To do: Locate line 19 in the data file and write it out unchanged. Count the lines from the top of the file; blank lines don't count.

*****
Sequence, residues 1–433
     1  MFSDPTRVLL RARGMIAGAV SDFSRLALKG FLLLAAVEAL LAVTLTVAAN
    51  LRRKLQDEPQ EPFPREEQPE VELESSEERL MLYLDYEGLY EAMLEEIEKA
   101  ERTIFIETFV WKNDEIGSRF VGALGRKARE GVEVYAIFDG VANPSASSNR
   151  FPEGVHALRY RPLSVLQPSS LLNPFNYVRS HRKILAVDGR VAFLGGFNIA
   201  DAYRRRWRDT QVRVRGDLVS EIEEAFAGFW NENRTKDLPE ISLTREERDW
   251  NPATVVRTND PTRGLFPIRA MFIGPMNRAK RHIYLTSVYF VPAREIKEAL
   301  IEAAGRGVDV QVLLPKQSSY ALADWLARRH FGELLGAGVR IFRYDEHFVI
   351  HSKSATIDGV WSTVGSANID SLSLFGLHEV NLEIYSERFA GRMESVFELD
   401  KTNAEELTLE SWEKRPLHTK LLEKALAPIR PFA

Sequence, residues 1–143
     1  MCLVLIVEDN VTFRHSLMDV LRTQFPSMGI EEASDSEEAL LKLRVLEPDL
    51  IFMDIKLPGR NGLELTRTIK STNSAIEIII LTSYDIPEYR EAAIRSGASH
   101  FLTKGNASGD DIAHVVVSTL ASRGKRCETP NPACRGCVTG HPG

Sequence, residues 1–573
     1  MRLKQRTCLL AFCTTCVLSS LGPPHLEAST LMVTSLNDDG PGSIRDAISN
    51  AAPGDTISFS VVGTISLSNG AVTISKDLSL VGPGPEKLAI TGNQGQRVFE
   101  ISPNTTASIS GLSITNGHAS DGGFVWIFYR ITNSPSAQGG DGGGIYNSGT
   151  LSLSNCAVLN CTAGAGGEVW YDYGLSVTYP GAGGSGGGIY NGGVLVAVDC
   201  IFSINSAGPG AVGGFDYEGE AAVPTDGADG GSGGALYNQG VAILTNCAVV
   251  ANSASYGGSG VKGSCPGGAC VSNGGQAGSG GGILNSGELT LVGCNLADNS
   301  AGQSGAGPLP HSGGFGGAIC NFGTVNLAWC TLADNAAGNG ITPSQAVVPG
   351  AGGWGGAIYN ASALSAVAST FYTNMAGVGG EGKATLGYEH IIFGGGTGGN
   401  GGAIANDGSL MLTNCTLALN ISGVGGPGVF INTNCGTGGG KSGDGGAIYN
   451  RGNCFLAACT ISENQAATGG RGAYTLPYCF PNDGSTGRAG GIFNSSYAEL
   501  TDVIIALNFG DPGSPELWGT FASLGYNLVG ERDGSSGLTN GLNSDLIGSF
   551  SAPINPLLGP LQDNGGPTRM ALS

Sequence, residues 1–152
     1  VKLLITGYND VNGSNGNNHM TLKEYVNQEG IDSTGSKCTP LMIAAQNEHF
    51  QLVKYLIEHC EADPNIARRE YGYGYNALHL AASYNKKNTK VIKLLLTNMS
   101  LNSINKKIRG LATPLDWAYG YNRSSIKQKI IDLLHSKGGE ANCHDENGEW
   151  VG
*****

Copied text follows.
   151  LSLSNCAVLN CTAGAGGEVW YDYGLSVTYP GAGGSGGGIY NGGVLVAVDC